In history's first ever fully solar-powered flight around the world, the Solar Impulse 2 took off from Hawaii on Friday heading towards California. Flown by Bertrand Piccard, the Solar Impulse 2 is now on its ninth leg to complete its global journey.

Along with the world's celebration of Earth Day, Piccard and his substitute pilot flew the Solar Impulse 2 now fly above the Pacific Ocean for the final and most perilous lap of the journey. This Trans-Pacific leg is considered the riskiest, as they fly above a place with no emergency landing sites.

Minutes before the flight, Piccard had a chance to talk with United Nations Secretary-General Ban Ki-moon, who summoned him and stated that he was making history with his inspirational pioneering spirit. The pilot responded by praising the secretary general for leading the 175 nations in signing the climate agreement.

"What you are doing today in New York, signing the Paris agreement, is more than protecting the environment, it is the launch of the clean technology revolution," said Piccard, according to ABC.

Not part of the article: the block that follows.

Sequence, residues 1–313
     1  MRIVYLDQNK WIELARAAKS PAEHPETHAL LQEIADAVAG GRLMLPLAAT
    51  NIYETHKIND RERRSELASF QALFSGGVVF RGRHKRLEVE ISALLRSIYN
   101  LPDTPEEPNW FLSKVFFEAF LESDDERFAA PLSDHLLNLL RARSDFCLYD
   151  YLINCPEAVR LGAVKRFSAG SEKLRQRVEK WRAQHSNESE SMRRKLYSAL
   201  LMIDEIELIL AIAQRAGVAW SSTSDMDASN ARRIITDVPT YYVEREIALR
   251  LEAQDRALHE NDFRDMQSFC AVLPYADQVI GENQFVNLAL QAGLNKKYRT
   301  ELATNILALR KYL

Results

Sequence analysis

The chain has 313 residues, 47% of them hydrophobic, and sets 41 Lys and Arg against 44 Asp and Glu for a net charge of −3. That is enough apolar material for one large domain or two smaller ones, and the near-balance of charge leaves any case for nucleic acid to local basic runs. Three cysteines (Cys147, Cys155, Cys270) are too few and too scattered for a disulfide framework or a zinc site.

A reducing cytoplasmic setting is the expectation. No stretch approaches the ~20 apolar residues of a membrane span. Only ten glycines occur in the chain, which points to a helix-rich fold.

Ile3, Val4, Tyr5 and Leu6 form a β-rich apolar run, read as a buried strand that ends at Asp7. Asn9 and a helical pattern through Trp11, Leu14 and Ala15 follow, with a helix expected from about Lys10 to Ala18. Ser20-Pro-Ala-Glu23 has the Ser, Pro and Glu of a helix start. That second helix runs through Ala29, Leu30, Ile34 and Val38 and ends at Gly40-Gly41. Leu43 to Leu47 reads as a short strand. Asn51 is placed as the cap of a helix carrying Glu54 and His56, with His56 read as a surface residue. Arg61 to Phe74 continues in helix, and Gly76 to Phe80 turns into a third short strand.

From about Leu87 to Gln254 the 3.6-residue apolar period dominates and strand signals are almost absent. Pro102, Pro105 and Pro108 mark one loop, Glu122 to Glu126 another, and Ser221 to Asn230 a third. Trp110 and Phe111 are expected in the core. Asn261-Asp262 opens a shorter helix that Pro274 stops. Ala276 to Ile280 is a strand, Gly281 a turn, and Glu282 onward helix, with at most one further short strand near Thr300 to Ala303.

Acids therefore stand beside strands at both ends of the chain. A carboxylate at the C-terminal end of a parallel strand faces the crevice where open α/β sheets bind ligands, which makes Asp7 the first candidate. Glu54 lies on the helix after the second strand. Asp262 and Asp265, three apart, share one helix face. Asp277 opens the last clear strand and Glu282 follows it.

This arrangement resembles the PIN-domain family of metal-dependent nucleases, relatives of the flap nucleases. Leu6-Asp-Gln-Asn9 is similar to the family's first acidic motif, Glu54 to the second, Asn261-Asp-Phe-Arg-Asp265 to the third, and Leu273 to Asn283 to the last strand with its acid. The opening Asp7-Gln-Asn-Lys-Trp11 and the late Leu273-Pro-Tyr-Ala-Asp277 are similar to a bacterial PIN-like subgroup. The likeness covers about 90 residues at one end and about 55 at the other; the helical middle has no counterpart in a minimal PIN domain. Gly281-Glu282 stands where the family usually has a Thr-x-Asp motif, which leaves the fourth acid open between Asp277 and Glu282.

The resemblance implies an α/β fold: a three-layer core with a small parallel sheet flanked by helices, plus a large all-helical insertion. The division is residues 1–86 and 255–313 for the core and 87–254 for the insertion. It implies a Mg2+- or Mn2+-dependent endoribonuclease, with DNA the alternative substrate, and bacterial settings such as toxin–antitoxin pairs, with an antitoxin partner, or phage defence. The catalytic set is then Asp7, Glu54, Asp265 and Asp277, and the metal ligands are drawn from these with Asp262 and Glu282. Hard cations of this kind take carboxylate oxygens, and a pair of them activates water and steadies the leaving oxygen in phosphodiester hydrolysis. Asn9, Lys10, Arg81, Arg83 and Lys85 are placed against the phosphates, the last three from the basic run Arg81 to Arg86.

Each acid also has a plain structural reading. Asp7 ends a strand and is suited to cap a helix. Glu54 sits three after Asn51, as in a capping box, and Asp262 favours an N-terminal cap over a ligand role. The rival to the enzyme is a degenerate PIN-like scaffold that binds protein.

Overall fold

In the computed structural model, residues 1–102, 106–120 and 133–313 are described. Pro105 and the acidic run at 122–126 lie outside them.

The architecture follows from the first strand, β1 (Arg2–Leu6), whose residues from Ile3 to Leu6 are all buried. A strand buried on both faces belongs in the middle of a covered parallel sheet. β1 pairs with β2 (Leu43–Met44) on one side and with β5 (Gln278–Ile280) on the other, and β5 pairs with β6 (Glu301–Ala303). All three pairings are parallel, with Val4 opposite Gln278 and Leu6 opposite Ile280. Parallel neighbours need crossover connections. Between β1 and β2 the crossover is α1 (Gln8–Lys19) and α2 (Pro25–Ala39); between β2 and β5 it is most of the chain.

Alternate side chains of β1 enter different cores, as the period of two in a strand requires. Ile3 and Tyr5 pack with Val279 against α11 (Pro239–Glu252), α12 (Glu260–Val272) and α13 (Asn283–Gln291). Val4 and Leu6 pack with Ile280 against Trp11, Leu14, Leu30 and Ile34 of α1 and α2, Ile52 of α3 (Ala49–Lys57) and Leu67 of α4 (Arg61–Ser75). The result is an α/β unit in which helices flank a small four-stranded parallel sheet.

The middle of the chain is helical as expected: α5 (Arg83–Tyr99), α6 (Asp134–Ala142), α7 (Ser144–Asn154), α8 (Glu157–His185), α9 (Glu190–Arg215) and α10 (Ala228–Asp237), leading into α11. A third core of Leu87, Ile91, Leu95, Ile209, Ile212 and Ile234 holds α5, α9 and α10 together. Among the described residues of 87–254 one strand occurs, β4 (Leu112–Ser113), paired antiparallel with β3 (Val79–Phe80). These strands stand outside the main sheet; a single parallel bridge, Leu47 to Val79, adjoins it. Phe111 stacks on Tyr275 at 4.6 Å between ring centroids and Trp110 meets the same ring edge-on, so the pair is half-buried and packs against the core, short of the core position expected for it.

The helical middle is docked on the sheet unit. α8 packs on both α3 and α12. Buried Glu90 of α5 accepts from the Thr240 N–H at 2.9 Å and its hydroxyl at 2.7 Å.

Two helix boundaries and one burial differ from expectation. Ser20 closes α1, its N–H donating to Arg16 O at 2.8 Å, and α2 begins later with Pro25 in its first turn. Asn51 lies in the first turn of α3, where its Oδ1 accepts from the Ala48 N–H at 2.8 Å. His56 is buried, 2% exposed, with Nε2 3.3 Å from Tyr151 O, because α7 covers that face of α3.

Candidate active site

This 2,200 kilogram carbon-fibre aircraft ideally runs at a speed of 45 kilometres per hour which can double at daytime when the sun is shining strong. It is equipped with 17,000 solar cells powering the propellers and charging batteries which makes the plane run at night, as per CBC News.

The journey started March 2015 for Solar Impulse 2. It began in Abu Dhabi, making temporary landing in Oman, Myanmar, China and Japan. It had to stop in July after its trip from Japan to Hawaii when the plane's battery system has been damaged.

A damaged wing has been the cause of its delay in Asia on its to fly from China to Hawaii route. After a month of repair and as soon as the weather got better, the Solar Impulse 2 left Central Japan and headed for Hawaii.

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